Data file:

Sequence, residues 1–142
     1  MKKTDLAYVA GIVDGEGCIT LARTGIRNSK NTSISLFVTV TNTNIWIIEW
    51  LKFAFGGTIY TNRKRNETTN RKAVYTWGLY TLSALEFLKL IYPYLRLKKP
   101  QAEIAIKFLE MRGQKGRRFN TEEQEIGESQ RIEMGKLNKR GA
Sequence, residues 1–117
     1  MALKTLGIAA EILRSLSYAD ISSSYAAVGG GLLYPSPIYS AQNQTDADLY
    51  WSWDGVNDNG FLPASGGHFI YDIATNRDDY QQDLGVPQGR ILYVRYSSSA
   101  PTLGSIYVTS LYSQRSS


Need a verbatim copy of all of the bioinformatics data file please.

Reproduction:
Sequence, residues 1–142
     1  MKKTDLAYVA GIVDGEGCIT LARTGIRNSK NTSISLFVTV TNTNIWIIEW
    51  LKFAFGGTIY TNRKRNETTN RKAVYTWGLY TLSALEFLKL IYPYLRLKKP
   101  QAEIAIKFLE MRGQKGRRFN TEEQEIGESQ RIEMGKLNKR GA
Sequence, residues 1–117
     1  MALKTLGIAA EILRSLSYAD ISSSYAAVGG GLLYPSPIYS AQNQTDADLY
    51  WSWDGVNDNG FLPASGGHFI YDIATNRDDY QQDLGVPQGR ILYVRYSSSA
   101  PTLGSIYVTS LYSQRSS